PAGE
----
U.W.: Let’s go back to Timothy Snyder and what he says. He says that Russia with this aggression towards Ukraine also splits up Europe; that this aggression in a way undermines Europe from inside. Russia supports right-wing parties in the EU. Plus, EU member-states disagree on the Ukrainian conflict, and on whether they should overlook the annexation of Crimea and other issues, or react strongly against Russia. What is your position?

The one thing that I have regretted is that I did not have time to participate in the discussion last week here in Kyiv where Professor Snyder discussed these issues on a more philosophical and intellectual level. I have read Snyder’s works and I fundamentally share his concern that what we are seeing here is a very strange kind of group of bed fellows for Russia. Traditionally, you would have expected after the Crimean events the only people who applaud Russia’s actions would be former communist parties, traditional far-left parties. That would not have been a surprise to me, but it was a surprise to me that far-right parties in Western Europe which are anti-EU and nationalist far-right did. They seem to have chosen Mr. Putin as their hero, because he is also the advocate of nationalistic cause. That is dangerous, because it tends to weaken the fabric of EU integration. The more anti-EU political parties, far-right, nationalistic parties we have within the EU, the harder it would be to stay on course in terms of European integration. Yes, I do share Snyder’s concern that this is not only about Ukraine, this is about very fundamental questions of integration of the vision of Europe and that President Putin is challenging the very bases of that vision. So, what do I believe will happen? I believe this is not a war by tanks and airplanes, but this is a confrontation of minds and words. The idea of integration, the idea of not changing borders by force anymore in Europe, were violated here, but that does not mean that they are winning. I believe that we will win. Integration will win. The idea of a peaceful and border-free Europe will win. It may take time, but we will win.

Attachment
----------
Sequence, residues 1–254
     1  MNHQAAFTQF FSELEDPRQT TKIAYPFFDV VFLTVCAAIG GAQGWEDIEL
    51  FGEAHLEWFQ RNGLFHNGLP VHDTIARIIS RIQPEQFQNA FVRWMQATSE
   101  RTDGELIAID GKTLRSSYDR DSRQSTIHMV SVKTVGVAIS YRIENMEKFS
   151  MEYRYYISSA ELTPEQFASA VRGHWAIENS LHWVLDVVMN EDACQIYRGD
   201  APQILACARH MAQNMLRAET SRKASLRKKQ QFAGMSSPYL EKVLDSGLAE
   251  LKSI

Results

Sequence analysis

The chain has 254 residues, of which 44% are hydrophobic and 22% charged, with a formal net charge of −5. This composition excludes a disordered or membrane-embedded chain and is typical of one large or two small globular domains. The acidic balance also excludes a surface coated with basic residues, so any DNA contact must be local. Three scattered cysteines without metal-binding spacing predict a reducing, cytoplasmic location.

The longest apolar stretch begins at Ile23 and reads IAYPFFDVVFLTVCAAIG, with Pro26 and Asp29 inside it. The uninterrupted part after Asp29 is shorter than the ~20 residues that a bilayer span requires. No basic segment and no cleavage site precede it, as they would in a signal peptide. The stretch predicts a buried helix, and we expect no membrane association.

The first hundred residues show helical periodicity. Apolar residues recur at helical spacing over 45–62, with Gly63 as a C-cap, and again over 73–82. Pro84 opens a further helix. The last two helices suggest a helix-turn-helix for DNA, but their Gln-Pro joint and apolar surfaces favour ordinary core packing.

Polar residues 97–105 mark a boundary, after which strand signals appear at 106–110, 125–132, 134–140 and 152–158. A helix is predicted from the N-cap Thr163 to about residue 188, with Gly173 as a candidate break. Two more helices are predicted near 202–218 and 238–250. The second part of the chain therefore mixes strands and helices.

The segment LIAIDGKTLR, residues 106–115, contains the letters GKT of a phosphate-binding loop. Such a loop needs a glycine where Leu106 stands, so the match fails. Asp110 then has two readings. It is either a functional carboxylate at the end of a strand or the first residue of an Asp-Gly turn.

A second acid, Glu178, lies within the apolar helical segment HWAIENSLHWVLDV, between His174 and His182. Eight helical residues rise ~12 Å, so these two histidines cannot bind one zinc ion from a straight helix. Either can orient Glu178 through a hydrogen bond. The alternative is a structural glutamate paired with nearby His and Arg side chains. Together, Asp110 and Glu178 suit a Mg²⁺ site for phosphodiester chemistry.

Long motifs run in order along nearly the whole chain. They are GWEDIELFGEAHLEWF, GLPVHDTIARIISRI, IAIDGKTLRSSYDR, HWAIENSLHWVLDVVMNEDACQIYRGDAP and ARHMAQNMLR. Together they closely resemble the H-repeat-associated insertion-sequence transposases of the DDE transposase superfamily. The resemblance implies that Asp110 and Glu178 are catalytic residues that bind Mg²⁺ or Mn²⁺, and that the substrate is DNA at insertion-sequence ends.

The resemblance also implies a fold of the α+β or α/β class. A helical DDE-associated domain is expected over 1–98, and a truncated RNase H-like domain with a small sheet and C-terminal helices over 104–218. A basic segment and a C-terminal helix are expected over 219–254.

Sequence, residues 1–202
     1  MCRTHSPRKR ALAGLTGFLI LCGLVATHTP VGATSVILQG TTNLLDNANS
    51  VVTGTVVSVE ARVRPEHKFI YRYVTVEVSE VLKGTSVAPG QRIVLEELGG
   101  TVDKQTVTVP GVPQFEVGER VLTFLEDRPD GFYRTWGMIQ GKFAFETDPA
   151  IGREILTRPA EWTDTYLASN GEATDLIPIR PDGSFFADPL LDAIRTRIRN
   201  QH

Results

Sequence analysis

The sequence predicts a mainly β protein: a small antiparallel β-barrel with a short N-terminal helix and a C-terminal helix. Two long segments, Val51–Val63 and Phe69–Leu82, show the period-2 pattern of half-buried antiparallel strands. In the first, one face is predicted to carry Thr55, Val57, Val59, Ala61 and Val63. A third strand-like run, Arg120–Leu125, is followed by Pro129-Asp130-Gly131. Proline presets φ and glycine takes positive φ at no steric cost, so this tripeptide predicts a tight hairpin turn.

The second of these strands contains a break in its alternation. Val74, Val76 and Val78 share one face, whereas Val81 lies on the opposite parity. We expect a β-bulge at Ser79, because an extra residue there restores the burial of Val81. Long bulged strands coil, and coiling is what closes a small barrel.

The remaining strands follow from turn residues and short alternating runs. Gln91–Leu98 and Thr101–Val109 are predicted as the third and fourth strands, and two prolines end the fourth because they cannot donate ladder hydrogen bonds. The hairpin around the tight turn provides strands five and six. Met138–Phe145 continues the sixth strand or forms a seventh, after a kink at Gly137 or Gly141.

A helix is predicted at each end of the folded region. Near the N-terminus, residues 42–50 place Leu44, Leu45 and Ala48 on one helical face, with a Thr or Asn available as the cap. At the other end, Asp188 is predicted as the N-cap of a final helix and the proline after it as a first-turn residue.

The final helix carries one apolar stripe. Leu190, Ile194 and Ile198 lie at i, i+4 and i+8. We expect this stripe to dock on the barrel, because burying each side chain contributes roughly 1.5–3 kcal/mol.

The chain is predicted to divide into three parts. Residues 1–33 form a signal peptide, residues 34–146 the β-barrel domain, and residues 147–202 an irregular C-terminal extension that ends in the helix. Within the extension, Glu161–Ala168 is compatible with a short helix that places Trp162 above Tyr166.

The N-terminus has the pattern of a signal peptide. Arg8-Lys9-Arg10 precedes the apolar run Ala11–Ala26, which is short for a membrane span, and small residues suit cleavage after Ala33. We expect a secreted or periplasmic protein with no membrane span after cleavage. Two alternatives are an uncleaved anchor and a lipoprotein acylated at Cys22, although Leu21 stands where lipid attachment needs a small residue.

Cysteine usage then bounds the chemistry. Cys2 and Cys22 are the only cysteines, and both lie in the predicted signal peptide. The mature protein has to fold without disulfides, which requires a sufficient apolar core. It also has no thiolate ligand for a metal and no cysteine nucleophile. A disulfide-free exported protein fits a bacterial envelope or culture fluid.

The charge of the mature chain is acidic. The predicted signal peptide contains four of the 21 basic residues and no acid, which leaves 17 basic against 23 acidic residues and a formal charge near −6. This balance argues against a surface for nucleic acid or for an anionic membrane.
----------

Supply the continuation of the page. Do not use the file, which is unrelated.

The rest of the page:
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U.W.: You have huge experience of peaceful negotiations, so I think you see that core reason of the confrontation of any of them. What is the core reason of such confrontation within Ukraine, except of Russia, of course?

I have learned to understand that many Ukrainians have deep disenchantment with the existing system of government. I understand that many Ukrainians, not only in Eastern Ukraine or the Donbas , hope for decentralized form of government, constitutional reform, and a system where there is not only a bunch of superrich people and many millions of relatively poor people. In other words, there are issues of constitutional reform, social reforms - we would call it federalism in Germany. We have 16 Länder which have their own financial administration, their own resources and handle many issues for people at the local or regional level. I believe that is not a bad recipe for Ukraine, but what Ukraine should still have, is a strong center. Astrong center that keeps the country together, a that can provide the source of national identity for all Ukrainians who have as I understand different languages, different ethnic and national backgrounds and different historical backgrounds. Bringing this people together is the big question in the future and I think it requires great political leadership. I hope Ukraine will be blessed by brilliant leadership, but it also requires a constitution that allows people to believe that they are in charge, that they are not governed by some invisible person in Kyiv, but they have a meaningful representation on the local level. In my view, decentralization is one of the key issues that hopefully will be addressed through the constitutional reform. And people have already begun to work on it, as I understand.

BIO

Wolfgang Ischinger studied law at the Universities of Bonn and Geneva and obtained his Degree in Law in 1972. He continued his education at the Fletcher School of Law and Diplomacy and Harvard Law School where he studied law, foreign economic relations and history. From 1973 to 1975, he served on the staff of the UN Secretary General in New York.

From 2001 to 2006, he was the German Ambassador to the United States, and from 1998 to 2001, he was Deputy Foreign Minister in Berlin. Ambassador Ischinger has been the Chairman of the Munich Security Conference since 2008.  Wolfgang Ischinger participated in a number of international negotiating processes, including the Bosnia Peace Talks at Dayton, OH. In 2007, he was the European Union Representative in the Troika negotiations on the future of Kosovo which led to the declaration of independence of Kosovo and to the recognition of Kosovo by most EU member-states